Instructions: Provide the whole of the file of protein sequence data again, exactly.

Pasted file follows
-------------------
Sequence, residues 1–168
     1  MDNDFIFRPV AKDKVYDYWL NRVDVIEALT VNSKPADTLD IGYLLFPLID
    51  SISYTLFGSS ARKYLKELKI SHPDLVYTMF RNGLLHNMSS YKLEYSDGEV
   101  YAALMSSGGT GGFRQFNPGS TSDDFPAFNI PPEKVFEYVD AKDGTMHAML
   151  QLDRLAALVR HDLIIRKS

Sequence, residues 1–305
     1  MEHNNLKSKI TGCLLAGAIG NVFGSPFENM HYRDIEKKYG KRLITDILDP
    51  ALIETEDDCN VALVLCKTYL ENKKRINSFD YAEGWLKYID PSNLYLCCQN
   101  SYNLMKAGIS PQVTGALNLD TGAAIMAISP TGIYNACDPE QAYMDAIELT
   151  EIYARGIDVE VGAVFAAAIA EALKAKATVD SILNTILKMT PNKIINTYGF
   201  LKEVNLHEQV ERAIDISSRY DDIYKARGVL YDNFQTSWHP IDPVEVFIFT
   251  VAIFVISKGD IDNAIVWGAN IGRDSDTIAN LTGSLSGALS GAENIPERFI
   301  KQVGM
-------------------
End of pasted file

Sequence, residues 1–168
     1  MDNDFIFRPV AKDKVYDYWL NRVDVIEALT VNSKPADTLD IGYLLFPLID
    51  SISYTLFGSS ARKYLKELKI SHPDLVYTMF RNGLLHNMSS YKLEYSDGEV
   101  YAALMSSGGT GGFRQFNPGS TSDDFPAFNI PPEKVFEYVD AKDGTMHAML
   151  QLDRLAALVR HDLIIRKS

Sequence, residues 1–305
     1  MEHNNLKSKI TGCLLAGAIG NVFGSPFENM HYRDIEKKYG KRLITDILDP
    51  ALIETEDDCN VALVLCKTYL ENKKRINSFD YAEGWLKYID PSNLYLCCQN
   101  SYNLMKAGIS PQVTGALNLD TGAAIMAISP TGIYNACDPE QAYMDAIELT
   151  EIYARGIDVE VGAVFAAAIA EALKAKATVD SILNTILKMT PNKIINTYGF
   201  LKEVNLHEQV ERAIDISSRY DDIYKARGVL YDNFQTSWHP IDPVEVFIFT
   251  VAIFVISKGD IDNAIVWGAN IGRDSDTIAN LTGSLSGALS GAENIPERFI
   301  KQVGM